This year’s topics include Tips for Going Back to School; Psychological Testing, IEEs and Evaluations; School Records; Children with Autism; Transition Services; Children with Emotional Needs; Discipline and Bullying; Charter Schools; Children with Dyslexia; Extended School Year; Assistive Technology; Discrimination and Compensatory Education; and, Settlements. See below for descriptions and schedules of each session.

PSBA members will elect officers electronically for the first time in 2013
PSBA 7/8/2013
Beginning in 2013, PSBA members will follow a completely new election process which will be done electronically during the month of September. The changes will have several benefits, including greater membership engagement and no more absentee ballot process.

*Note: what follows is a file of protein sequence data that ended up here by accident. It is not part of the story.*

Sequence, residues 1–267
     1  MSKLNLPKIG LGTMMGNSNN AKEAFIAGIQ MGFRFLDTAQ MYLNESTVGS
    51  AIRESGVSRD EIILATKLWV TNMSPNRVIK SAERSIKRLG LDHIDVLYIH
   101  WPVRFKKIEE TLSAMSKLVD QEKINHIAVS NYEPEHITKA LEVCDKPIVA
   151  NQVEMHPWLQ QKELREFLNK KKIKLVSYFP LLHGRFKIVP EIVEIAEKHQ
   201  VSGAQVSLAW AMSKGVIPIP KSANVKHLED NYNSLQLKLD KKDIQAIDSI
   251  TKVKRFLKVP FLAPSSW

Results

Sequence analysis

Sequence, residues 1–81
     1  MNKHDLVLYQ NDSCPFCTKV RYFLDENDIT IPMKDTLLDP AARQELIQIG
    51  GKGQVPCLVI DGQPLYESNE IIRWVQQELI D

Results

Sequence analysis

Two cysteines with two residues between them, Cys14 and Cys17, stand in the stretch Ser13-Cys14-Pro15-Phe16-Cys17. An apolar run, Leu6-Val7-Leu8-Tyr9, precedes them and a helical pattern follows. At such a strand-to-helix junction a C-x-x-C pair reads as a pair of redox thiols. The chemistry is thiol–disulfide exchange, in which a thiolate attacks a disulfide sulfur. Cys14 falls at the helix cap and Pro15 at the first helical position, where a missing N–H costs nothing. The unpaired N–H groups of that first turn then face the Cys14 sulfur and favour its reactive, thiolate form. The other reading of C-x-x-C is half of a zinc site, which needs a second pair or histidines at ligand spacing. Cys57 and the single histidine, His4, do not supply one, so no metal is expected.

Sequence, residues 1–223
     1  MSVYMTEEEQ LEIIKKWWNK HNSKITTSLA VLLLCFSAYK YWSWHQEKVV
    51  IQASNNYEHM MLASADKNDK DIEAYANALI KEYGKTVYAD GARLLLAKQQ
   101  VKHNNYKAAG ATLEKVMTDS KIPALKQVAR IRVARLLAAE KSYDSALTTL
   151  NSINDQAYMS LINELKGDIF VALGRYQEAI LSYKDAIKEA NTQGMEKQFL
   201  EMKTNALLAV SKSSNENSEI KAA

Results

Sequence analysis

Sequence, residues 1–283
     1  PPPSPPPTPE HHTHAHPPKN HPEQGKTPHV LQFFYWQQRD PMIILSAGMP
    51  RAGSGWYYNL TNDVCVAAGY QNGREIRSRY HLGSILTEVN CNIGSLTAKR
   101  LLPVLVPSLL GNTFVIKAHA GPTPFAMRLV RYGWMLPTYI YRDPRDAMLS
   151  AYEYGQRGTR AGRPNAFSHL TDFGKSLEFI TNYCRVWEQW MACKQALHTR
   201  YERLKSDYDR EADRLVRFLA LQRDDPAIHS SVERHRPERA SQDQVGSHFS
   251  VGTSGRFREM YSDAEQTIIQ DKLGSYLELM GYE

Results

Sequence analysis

Below is a quick Q&A related to the voting process this year, with more details to come in future issues of School Leader News and at www.psba.org. More information on the overall governance changes can be found in the February 2013 issue of the PSBA Bulletin:

PASA-PSBA School Leadership Conference
October 15-18, 2013 | Hershey Lodge & Convention Center
Important change this year: Delegate Assembly (replaces the Legislative Policy Council) will be Tuesday Oct. 15 from 1 – 4:30 p.m.
The PASA-PSBA School Leadership Conference is the largest gathering of elected officials in Pennsylvania and offers an impressive collection of professional development opportunities for school board members and other education leaders.
See Annual School Leadership Conference links for all program details.

PAESSP State Conference October 27-29, 2013
The Penn Stater Conference Center Hotel, State College, PA